There is always dread in the fantasy football world when it comes to a Mike Shanahan backfield. Clearly 2012 is no exception yet in fairness to the Redskins head coach, the setup is not his doing. Sure, there mightwill be random changes made seemingly on a whim three plays into a game, three games into the season, three-quarters of the way down the road. Right now, we dont even have a viable depth chart not from a fantasy perspective anyway to work with. For those still gearing up for their drafts or are debating future trade or free agent pickups, heres one mans best attempt to decipher the mind field known as the Redskins backfield.Roy Helu The upside option you dont need for now guyLast season the Nebraska rookie outran expectations with a dazzling second half stretch including three straight 100-yard rushing games plus a team-record 14 receptions for 105 yards in another. Helus campaign ended early with injuries and perhaps overuse; his body and playing style speak of a change-of-pace guy, which figures to be his role this season. That is once he recovers from his Achilles tendon woes. The main question is when Helu starts playing again will he return as the starter. The ancillary query is will someone else have emerged as the Bell Cow back by then. Best drafted as a fantasy reserve, as his plummeting average draft position (96) indicates, and by an owner not looking for immediate help.Alfred Morris Fill in the early missing lineup gap and see what happens guyThere was some early love out of OTAs for the Florida Atlantic rookie, but not sure anyone could have imagined the sixth-round pick as a possible if not likely opening game starter. Not an elite talent, but Morris runs with power and a hint of shiftiness. It would be unfair to suggest he has a chance to run away with the job, but if Morris turns in a credible if not stellar performance against the Saints (should he get the starting nod), whos to say he heads back to the bench when the others return. Dont overdraft based on the potential start, but at this moment in time Morris should be the second Redskin back coming off the board and in a double digit round.Tim Hightower His aggressive running style makes him fun to own for as long as it lasts guyNot a bad showing last week from the veteran back recovering from a major knee injury suffered last season. Does that make me trust Hightower going forward? Um, no. If this truly turns into some undecipherable running back by committee, imagining No. 25 being the leader of the pack isnt a stretch, but the role only works if the Redskins dont overuse him. If we start talking about 15-20 touches a game, the wear down factor rises dramatically. Shanahan wants Hightower around for his veteran presence and pass blocking prowess more than his yard gaining ability. Draftable in 12-14 team leagues, but as a flyer. In my opinion, if youre taking a sleeper, go with the younger legs on with whatever team they exist.Evan Royster The former sleeper whos now the guy behind the guy behind that other guy, guyPerhaps the true wildcard in the mix as recent injuries to last years other rookie surprise derailed Roysters rising status as possible starter and fantasy darling. Now he may have been passed by Morris as the Flavor of the Month, though the former Penn State rusher hopes to crack the field in tonights preseason finale against the Bucs. Is he worth drafting? Yes, but in the late round and in a lottery ticket sort of way.Of course, if Royster or Hightower or Morris or Helu stand out against Tampa Bay, then another revision of the RB depth chart is in order. Get used to it.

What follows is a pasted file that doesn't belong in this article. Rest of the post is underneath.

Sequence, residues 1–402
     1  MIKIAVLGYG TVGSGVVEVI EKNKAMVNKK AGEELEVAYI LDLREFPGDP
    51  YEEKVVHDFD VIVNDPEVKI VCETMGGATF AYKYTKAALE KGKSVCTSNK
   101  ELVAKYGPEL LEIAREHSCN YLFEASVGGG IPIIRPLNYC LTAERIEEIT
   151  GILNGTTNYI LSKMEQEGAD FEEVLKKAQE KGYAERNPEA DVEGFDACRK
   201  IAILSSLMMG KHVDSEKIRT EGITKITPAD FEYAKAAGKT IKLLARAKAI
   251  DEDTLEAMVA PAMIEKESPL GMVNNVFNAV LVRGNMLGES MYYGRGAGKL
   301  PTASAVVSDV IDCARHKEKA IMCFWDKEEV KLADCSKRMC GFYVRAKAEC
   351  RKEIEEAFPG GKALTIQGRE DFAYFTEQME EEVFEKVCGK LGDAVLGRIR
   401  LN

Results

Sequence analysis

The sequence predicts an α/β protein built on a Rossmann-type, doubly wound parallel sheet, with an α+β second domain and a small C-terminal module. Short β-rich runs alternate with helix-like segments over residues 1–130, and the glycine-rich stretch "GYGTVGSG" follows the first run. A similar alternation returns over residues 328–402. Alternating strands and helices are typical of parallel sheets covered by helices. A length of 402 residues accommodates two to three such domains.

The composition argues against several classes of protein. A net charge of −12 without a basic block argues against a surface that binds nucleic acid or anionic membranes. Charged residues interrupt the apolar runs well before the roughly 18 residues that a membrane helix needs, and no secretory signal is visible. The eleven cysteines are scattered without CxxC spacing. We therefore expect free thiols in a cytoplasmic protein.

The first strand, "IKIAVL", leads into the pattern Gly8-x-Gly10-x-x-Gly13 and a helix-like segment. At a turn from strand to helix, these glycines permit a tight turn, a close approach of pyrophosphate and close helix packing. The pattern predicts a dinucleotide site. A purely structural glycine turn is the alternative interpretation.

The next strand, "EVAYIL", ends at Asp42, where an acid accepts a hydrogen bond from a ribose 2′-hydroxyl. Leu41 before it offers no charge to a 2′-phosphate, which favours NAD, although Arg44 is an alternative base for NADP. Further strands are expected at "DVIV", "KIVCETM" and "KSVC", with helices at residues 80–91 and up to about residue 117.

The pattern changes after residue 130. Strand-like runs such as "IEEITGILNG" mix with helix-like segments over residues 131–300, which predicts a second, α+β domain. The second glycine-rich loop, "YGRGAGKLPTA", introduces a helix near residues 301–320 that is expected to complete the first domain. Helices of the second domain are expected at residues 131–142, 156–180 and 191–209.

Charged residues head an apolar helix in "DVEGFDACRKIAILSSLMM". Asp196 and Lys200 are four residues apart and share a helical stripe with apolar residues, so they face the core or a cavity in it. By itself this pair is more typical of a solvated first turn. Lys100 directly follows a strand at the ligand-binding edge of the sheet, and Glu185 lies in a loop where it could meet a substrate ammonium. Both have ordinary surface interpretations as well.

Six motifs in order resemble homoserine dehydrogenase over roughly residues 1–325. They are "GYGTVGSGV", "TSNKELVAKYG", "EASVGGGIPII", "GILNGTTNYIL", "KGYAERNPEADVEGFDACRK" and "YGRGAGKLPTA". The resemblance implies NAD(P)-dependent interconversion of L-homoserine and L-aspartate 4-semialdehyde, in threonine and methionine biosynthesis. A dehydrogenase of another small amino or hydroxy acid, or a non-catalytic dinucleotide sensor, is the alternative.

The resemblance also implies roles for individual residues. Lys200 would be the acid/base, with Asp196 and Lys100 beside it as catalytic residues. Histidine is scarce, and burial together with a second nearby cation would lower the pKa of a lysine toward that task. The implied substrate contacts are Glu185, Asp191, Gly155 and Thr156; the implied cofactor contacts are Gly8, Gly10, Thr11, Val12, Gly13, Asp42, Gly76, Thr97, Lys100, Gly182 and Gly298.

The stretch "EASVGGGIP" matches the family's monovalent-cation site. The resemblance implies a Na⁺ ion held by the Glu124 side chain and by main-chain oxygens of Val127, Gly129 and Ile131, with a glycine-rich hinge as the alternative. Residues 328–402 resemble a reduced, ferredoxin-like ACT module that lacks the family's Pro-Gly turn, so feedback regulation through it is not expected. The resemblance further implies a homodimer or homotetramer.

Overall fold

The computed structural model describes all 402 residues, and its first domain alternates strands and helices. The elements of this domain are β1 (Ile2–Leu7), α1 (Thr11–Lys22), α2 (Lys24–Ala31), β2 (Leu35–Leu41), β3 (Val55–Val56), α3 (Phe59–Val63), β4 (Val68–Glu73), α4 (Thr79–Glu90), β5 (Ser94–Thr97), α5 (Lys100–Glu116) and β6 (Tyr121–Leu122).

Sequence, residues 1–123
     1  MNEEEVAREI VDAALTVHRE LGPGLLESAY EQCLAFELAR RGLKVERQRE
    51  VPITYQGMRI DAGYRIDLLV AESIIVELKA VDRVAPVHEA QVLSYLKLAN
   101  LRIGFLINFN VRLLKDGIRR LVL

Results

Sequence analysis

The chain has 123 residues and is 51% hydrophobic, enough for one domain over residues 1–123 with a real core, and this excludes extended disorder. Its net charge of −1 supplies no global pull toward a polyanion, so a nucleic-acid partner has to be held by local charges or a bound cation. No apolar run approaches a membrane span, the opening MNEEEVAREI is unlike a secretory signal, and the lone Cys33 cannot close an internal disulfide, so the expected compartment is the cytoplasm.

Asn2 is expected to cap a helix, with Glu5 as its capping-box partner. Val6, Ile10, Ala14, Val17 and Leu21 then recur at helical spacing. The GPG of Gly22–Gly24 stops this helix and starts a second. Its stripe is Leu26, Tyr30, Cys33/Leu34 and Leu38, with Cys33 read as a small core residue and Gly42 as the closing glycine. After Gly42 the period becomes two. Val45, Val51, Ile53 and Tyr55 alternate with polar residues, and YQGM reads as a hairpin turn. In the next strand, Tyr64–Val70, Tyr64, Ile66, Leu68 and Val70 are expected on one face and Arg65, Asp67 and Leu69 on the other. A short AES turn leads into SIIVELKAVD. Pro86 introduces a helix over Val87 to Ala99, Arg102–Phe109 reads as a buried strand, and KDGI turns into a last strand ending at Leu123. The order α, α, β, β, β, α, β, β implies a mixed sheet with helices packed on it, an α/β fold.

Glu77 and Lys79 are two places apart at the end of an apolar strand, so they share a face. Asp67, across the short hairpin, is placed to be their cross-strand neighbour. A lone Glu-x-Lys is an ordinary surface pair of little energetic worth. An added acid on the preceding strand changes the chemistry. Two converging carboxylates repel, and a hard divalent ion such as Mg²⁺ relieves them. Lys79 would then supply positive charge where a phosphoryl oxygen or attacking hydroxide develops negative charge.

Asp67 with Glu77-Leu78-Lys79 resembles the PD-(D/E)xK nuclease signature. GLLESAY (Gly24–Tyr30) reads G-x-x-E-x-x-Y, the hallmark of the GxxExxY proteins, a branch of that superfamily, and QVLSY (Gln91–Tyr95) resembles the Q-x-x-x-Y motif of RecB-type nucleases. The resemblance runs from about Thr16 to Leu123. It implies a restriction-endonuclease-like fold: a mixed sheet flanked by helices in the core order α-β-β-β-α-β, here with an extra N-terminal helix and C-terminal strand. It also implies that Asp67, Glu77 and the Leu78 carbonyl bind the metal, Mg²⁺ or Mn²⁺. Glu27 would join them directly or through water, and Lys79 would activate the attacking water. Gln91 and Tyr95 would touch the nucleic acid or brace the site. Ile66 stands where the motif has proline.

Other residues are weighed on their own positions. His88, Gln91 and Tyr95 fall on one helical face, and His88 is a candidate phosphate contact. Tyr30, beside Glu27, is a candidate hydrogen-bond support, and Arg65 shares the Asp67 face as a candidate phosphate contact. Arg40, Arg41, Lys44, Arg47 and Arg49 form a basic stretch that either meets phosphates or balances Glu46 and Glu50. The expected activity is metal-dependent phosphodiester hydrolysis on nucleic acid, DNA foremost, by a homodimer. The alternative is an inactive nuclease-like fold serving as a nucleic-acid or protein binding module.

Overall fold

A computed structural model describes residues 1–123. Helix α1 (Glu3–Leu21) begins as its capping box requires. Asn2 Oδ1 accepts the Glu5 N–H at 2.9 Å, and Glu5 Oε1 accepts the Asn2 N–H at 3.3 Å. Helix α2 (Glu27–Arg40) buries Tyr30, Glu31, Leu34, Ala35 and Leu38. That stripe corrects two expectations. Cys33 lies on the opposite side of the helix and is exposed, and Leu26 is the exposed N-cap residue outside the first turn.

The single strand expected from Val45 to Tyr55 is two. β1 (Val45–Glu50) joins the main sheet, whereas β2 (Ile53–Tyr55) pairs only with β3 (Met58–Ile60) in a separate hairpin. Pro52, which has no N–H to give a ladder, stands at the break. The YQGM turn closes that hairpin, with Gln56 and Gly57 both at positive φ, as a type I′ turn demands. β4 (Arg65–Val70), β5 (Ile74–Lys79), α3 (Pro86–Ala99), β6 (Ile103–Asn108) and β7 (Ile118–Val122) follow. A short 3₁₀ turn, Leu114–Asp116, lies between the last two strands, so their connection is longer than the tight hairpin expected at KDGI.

Josh Norman is bound to receive a lot of attention for the new story in ESPN The Magazine that centers around him. The Redskins star likely expects it, too, after calling himself "the best cornerback on earth" and Odell Beckham Jr. a "villain."
But Beckham isn't the only wideout whom the defensive back goes after in the feature. At one point, Norman says of Broncos pass catcher Demaryius Thomas, the target Norman held to just one catch in Carolina's Super Bowl loss to Denver: "I don't know what he was out there for. He was supposed to be an all-world guy, and I shut him down."
Well, that quote has clearly already reached Thomas, judging by this tweet he sent out on Tuesday:
Unfortunately, while Norman will have a chance this year to directly silence other players who've called him out this offseason — including the aforementioned Beckham, Cardinals corner Patrick Peterson and his former club who shockingly released him — the Broncos and Redskins aren't scheduled to face one another in 2016.
Unless, of course, both sides are able to make their way to Houston for Super Bowl 51. And if that matchup does somehow come to fruition, Norman will finally be in position to answer Thomas' Twitter taunt and secure a ring of his own. For now, however, Thomas has the upper hand... or finger, that is.